Tree fellers being brought in to help tackle hotspots in East Bay hills fire

The fire that mobilized up to 200 firefighters Wednesday in the East Bay hills was 50% under control by 7 a.m. Thursday. Check back for updates.

A line of firefighters on Grizzly Peak around 9 a.m. on Thursday Aug. 3. Photo: Natalie Orenstein

By Tracey Taylor and Natalie Orenstein

Update, 9:13 a.m.: Tree fellers are being brought in to the area of the hotspot fires in the East Bay hills, to cut down pine and eucalyptus trees which are “significant fuels,” Oakland Fire Department engineer Charleton Lightfoot said at a press conference in the hills around 9 a.m. Cutting down trees decreases the chance of spot fires which crews continuously put out through the night, he said. The fire is still across 20 acres and 50% contained, he said.

“The message from Cal Fire…is [eucalyptus] are incredibly dangerous trees,” said Oakland Deputy Fire Chief Melinda Drayton at a later press conference. Tree-felling is a “super slow process” and only two trees had been chopped by 11 a.m., she said.

Lightfoot said they are expecting 160 fire personnel from different agencies to be working in the hills today, Thursday.


The weather is “slightly favorable” compared to yesterday, he said. They are expecting an increase in winds in the afternoon, but not as bad as those on Wednesday.

Lightfoot added that crews have learned how to address this area since the devastating 1991 firestorm, and do annual training in the area.

Asked about a fire that OFD reported via Twitter happened on Grizzly Peak on Aug. 1 Oakland Deputy Fire Chief Melinda Drayton said there have been three fires in this general area since July 3, including one that may have burned overnight. She said fires in this area are common, and they are not looking into a link between any of the fires.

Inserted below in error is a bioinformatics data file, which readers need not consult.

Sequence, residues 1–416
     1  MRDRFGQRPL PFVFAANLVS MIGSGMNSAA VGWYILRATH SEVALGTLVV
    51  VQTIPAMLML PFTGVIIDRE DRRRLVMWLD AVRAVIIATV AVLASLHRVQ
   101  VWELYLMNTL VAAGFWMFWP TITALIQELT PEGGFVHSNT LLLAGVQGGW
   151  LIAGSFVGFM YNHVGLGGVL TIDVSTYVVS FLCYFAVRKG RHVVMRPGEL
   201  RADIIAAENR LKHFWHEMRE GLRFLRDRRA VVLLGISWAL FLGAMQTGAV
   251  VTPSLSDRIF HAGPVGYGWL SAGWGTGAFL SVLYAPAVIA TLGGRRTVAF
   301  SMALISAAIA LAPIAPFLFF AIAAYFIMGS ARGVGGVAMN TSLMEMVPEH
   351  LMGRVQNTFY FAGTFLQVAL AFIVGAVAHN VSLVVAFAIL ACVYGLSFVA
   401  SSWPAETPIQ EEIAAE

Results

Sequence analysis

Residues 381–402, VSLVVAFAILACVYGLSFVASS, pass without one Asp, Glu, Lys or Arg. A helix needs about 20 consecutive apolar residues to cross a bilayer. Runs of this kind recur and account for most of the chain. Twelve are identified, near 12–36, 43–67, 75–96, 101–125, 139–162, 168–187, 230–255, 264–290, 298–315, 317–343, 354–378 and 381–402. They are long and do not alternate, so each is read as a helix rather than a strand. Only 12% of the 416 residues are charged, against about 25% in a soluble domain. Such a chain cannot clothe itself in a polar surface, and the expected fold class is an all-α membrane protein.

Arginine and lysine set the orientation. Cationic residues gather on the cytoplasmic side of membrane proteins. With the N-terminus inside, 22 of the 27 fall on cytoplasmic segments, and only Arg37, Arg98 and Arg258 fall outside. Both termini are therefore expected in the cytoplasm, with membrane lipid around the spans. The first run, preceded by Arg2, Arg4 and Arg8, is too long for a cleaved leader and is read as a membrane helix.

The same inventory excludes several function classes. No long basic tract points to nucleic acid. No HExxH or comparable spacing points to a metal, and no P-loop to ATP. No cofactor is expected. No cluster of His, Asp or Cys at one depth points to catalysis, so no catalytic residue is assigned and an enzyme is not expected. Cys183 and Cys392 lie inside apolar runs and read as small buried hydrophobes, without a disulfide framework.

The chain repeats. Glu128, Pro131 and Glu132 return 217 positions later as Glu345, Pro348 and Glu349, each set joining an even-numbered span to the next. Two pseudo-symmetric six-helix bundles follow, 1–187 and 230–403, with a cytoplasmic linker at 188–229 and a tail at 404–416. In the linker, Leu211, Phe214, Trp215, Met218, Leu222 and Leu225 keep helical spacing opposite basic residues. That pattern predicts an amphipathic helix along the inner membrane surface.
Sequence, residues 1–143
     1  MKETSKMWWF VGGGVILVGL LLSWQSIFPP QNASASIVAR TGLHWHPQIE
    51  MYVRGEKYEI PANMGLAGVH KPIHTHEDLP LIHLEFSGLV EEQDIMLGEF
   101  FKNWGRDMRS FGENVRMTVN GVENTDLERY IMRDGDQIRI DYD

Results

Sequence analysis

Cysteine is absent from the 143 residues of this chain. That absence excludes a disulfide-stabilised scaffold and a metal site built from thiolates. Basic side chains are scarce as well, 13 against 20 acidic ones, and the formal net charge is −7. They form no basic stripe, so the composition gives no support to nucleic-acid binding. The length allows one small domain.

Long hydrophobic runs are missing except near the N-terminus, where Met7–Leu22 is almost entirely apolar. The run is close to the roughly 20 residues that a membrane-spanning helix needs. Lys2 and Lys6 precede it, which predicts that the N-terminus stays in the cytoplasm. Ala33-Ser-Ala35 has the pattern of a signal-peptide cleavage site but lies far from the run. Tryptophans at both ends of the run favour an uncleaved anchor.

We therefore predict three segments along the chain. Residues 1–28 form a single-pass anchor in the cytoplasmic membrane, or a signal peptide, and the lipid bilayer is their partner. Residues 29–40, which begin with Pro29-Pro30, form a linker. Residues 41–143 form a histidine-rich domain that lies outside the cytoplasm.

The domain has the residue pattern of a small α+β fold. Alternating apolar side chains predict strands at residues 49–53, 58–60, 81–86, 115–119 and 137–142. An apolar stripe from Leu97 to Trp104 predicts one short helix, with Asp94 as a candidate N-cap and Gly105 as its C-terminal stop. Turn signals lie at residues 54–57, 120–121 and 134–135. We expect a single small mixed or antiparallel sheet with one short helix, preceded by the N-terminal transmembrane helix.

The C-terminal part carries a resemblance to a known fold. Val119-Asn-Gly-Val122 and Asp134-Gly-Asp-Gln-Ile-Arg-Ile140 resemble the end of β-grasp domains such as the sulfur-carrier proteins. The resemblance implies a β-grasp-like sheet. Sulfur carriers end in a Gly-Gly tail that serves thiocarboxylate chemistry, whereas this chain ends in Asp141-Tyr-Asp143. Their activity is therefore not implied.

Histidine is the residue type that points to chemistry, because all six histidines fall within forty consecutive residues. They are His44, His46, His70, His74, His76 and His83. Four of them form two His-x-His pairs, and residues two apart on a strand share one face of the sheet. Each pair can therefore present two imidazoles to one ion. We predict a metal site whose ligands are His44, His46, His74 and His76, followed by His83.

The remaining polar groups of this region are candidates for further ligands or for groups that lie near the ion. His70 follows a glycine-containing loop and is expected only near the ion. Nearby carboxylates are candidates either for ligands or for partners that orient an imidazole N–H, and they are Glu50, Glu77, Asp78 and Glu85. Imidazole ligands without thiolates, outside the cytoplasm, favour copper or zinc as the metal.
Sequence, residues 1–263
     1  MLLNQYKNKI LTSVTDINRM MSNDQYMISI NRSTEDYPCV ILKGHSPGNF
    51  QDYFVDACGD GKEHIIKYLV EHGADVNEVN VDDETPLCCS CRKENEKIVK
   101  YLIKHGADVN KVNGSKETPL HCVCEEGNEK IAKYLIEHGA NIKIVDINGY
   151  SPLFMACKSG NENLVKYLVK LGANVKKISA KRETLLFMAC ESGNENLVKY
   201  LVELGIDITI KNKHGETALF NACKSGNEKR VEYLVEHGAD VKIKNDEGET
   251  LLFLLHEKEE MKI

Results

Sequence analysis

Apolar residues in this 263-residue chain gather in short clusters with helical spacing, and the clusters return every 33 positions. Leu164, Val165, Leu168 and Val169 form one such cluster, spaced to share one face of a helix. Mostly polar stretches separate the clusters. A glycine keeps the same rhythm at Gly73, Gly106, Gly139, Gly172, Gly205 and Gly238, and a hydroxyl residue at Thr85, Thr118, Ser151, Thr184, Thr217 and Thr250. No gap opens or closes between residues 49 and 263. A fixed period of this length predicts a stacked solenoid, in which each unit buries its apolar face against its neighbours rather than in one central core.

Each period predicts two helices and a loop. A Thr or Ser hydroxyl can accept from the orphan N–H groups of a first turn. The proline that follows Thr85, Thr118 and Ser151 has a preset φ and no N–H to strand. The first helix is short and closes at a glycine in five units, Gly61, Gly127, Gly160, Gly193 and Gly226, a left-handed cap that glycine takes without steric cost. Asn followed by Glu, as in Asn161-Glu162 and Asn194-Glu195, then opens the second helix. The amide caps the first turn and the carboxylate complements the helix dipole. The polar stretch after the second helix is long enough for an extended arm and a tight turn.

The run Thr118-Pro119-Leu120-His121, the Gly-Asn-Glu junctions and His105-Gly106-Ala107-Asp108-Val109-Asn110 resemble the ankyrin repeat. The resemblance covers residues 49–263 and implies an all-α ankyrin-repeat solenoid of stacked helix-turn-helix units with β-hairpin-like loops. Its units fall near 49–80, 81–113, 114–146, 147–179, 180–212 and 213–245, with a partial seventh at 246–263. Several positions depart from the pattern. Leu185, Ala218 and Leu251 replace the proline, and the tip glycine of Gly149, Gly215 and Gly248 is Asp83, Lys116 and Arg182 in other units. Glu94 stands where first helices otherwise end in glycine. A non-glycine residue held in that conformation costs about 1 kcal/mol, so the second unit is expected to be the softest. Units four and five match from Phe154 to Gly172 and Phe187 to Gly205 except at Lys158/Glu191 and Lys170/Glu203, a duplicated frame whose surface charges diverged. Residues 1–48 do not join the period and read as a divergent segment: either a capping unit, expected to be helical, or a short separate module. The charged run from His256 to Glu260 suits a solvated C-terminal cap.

The goats who graze the Berkeley Hills showed up for a normal day on the job on Thursday, Aug. 3 while crews worked to fully contain the fire in the area. They were moved to safety at the height of the fire on Aug. 2. Photo: Natalie Orenstein

Fire crews are not the only workers in the hills this morning, as the goats who graze the area arrived at Grizzly Peak and South Park Drive around 9 a.m. as well. The animals were there for a normal day of work, said an Oakland police officer. They were moved to safety at the height of the fire on Aug. 2.


ORIGINAL STORY, PUBLISHED AT 7 A.M.: After fire crews from several agencies worked into the night monitoring and extinguishing hot spots in the East Bay hills, the fire that started on Grizzly Peak Wednesday, Aug. 2, shortly after 1 p.m., was 50% contained at 7 a.m. Thursday, according to an Oakland Fire Department spokesman.

Berkeleyside reporter Natalie Orenstein is on scene, at Signpost 15, on Grizzly Peak just north of South Park Drive, where the fire started. She said the air in the hills is still very smoky.

Oakland fire engineer Charleton Lightfoot said the fire is still active, but has not grown in size since 9 p.m. Wednesday.

“We have a good handle on this incident,” he said.

There is no new information about the cause of the fire.

Lightfooot said there are still a couple of hotspots in the area and Grizzly Peak is expected to be closed between South Park Drive and Centennial until around 8 p.m. Thursday.


“The public should stay clear,” Lightfoot said.

Asked by Berkeleyside whether a reported fire in the same area on Tuesday may have been related to Wednesday’s conflagration, Lightfoot said the joint investigation by Cal Fire and OFD is continuing.

One firefighter was injured while fighting the fire. A Cal Fire crew member suffered minor injuries after falling down a hill and was taken to a hospital in stable condition, Lightfoot confirmed Thursday.

Smoke from a hotspot in the East Bay hills. Photo — taken Thursday Aug. 3 around 8 a.m. just north of Signpost 15 where the fire started on Aug. 2 — by Natalie Orenstein

The fire was first reported shortly after 1 p.m. Wednesday. It started in Berkeley on the west side of Grizzly Peak, near Signpost 15, then jumped the road and proceeded to head east towards Fish Ranch Road, and into Contra Costa County. There were two sections to the fire, and the one in the northeast quadrant, with its heavy vegetation and large trees, was proving the most difficult to fight, Oakland Deputy Fire Chief Melinda Drayton said early Wednesday evening.

This developing story was updated as we gathered more information.